In "Scene Groups" we can see memberlists of several groups, presented in a very unpleasent way. And still there's a question left: why separating the related memberstatus from the news chapter? "The Web Email" and "The Web URL" seem to be further disk fillers. I would understand publishing such texts once in a while but having them continously in every issue of "Arachnophobia" is unnecessary since it's merely a reprint. The same goes for "Birthdays" fitting into the very same category. Both interviews are nice, but they're not hellishly interesting. "Ex-Sceners Today" is a really good idea. It is always interesting to know what former sceners are doing these days. You surely know how mysterious sceners sometimes disappear and seem to be out of sight for good...

I completely do not understand the idea behind the chapter "IRCamp". It's a long copy of an IRC-session simply copied from an IRC-client logfile. But why? No explanations, no comments, nothing at all to understand the reason and the sense. I did not find the mood to read the whole log, especially when I don't know what can I expect from it. I would understand including the IRC-log as a comment to a certain situation, a point in a discussion etc. But the way it is presented here doesn't make it obvious if anyone will be interested in following this log for more than a few lines...

There are also some other chapters like "Webmasters" inviting you to visit Role's homepage, "Release List" containing information about recent games, "Reaction Section" with some opinions about the magazine and "AdMeAd" with snailmail addresses.

To sum up my review: "Arachnophobia" is an average disk magazine. You can get the impression that it is not developing for years, resting at the same point that it was several years ago. It's good to see it being released on a regular basis, but in my opinion it lacks a little bit more interesting material. I missed the reviews very much. It's sad that they haven't find reliable critics for so long. It would be fun to read some opinions from Dutch and Belgian sceners about recent scene productions.

In the last chapter "Last Words" we can read: "I hope we can still stay in the top 3 charts of other magazines". I take the freedom not to add any comments regarding this...

Rating: 5/10.


And now to give you another point of view on this production, here's another review of this magazine... I hope that presenting two different opinions will cause these reviews become a bit more objective than they would be when made by only one single person.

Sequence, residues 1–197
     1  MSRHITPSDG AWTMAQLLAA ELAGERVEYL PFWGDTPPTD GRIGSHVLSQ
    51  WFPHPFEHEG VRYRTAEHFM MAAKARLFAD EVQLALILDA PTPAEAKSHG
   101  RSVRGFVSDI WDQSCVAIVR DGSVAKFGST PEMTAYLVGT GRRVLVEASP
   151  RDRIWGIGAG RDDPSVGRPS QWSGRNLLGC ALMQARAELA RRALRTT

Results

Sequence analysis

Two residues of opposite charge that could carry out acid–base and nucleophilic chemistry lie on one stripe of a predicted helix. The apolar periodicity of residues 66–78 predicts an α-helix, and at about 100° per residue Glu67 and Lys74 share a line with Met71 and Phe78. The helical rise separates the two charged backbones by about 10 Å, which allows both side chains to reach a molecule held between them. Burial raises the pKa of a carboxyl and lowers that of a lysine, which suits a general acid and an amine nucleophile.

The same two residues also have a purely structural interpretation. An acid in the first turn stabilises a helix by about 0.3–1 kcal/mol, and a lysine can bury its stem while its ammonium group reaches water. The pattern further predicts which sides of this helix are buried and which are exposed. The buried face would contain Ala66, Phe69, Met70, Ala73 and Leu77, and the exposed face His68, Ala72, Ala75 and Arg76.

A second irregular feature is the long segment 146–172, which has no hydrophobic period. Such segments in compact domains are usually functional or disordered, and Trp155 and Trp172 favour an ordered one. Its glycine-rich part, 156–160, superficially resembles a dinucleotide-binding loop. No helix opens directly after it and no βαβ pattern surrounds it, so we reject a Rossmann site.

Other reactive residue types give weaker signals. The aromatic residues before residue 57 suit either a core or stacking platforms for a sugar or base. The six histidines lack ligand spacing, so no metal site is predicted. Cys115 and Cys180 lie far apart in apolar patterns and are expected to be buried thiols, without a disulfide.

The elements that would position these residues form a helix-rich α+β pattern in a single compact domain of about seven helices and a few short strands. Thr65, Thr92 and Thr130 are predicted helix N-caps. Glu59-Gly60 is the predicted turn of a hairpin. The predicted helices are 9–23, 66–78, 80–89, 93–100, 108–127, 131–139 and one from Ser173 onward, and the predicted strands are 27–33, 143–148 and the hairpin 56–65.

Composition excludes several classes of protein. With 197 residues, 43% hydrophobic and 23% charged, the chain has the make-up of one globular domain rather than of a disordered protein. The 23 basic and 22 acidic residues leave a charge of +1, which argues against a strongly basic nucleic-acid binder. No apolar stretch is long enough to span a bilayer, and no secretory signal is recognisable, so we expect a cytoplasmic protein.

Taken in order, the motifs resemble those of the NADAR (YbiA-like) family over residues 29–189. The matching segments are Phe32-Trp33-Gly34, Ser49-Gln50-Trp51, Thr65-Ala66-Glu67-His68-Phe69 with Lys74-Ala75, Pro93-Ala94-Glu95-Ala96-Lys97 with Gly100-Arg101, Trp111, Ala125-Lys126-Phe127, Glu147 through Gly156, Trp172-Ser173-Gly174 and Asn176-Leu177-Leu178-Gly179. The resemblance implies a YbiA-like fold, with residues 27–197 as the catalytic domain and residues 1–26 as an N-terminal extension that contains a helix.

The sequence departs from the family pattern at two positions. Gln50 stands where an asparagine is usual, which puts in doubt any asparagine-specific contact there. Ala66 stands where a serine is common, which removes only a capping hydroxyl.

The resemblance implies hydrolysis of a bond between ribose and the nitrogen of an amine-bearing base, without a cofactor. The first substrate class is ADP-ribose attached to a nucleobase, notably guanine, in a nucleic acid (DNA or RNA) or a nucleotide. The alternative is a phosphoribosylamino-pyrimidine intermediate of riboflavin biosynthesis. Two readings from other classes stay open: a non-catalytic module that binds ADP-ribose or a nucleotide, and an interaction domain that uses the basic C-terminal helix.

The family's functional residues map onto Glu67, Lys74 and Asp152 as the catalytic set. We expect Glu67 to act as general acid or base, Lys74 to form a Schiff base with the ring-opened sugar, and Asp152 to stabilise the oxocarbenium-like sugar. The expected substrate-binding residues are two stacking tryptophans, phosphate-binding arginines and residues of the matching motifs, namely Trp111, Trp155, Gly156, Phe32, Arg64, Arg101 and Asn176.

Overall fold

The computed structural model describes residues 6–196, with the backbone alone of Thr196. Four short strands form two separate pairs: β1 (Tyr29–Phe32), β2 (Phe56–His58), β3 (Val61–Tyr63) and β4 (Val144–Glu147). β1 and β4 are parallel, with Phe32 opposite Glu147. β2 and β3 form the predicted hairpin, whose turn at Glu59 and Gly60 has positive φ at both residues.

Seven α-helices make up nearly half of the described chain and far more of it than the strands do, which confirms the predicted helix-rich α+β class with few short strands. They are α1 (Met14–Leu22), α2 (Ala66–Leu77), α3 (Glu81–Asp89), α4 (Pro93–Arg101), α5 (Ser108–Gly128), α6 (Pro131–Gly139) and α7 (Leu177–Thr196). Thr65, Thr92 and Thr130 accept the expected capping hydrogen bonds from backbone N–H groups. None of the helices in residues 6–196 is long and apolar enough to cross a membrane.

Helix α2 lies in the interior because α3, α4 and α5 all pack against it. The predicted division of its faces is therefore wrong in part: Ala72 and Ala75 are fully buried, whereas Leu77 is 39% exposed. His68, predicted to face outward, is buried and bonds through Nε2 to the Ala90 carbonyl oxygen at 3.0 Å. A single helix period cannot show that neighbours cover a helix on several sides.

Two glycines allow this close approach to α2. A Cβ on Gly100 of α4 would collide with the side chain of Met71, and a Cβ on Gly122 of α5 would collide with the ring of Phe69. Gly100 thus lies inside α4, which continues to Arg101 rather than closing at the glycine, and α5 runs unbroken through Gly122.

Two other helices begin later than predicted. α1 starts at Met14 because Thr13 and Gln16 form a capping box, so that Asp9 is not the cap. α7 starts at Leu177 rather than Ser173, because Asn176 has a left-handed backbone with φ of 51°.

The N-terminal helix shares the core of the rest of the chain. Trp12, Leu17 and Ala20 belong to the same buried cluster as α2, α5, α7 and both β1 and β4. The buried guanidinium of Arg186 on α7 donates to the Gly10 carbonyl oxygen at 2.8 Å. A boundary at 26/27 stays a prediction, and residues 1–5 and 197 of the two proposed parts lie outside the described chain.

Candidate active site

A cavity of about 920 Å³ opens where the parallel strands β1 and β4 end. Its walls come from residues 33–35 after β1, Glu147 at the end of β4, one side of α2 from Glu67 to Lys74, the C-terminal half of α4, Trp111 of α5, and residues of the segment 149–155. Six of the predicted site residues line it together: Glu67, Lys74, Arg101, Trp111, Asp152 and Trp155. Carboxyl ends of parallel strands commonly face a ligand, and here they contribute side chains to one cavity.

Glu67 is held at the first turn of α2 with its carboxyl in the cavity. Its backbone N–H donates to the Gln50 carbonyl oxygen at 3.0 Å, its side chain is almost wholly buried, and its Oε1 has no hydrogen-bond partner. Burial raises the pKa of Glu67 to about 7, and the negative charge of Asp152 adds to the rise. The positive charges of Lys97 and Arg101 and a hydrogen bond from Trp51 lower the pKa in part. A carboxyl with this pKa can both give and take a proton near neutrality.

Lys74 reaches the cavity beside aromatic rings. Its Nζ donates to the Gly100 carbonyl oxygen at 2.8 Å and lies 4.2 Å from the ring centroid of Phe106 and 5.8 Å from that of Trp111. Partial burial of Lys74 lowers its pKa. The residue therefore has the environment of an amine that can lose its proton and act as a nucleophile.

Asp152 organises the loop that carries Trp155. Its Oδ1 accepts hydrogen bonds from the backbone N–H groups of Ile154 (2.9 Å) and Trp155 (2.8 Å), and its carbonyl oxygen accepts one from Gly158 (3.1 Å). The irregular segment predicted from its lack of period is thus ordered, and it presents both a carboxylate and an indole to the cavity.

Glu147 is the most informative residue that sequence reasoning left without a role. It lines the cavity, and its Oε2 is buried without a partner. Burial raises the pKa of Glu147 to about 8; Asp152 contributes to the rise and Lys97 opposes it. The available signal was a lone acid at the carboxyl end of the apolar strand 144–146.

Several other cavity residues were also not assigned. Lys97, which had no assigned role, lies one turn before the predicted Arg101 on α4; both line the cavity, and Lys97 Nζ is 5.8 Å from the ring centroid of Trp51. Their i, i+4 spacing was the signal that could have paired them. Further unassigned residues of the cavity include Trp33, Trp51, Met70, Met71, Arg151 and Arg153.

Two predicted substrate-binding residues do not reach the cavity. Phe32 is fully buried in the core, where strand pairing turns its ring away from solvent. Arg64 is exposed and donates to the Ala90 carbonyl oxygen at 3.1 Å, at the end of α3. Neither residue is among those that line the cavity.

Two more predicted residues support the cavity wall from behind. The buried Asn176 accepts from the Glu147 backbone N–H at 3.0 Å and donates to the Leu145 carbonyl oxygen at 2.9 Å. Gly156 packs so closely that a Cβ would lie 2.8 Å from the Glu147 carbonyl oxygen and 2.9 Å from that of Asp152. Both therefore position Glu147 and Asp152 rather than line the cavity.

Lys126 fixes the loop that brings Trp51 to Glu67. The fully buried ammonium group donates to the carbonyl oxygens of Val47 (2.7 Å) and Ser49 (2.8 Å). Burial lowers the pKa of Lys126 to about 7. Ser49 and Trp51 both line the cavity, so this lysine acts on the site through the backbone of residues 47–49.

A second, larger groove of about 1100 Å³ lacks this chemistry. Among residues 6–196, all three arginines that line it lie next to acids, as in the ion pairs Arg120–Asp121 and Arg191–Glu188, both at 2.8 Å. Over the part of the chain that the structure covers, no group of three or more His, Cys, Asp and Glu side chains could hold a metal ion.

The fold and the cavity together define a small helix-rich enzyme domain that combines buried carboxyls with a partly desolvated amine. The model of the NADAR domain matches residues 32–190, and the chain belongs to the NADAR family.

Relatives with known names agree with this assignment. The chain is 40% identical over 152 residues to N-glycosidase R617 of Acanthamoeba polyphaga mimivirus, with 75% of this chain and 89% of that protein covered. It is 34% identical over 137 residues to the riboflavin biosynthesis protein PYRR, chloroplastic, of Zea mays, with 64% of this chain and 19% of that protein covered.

Okayish intro, nothing special. The converted girl sucks, luckily the fine picture from JSL saves my day.

A magazine that hardly changed since its premiere issue. Same old outfit and same old articles, outdated information (only according to my e-mail address, which I don't use since I left to the army, and dudes that was three years ago - where in the hell you've found it?!) and non-scene related textual. The charts-chapter suffers from the same mistakes as Scene World's, namely it's filled with sceners who are not active for a really long time. The constant ditching on PCs and Windows is a bit childish and quite controversial when in the same time they include an URL list of every kind of C64 related sites (not just the C64 browser-friendly ones). I don't get that IRC #c-64 log rip neither (doesn't contains any important issues, while half is on German and most of it all, booooooooooooooring). For a good laugh I'll rather check the latest updates of Cupid's weirdo #c-64 log collection (, and convert it to c64 for whoever prefers to read interesting #c-64 logs on the "real thing".

There are some OK articles like the interviews and the coding help, but there are much more that I'd never read to end, or even load if I wouldn't have to write this review. If I compare this magazine to Domination or Vandalism News, well, my head shakes no-no: it's not worth the time guys, and that huge quality-difference is just too friggin big not to notice.

The English is a suffer, sometimes hard to understand, but as I see, it's constantly improving from issue to issue.

I'm afraid that the release of this magazine is just a way to keep a group alive. But guys please convince me about the opposite.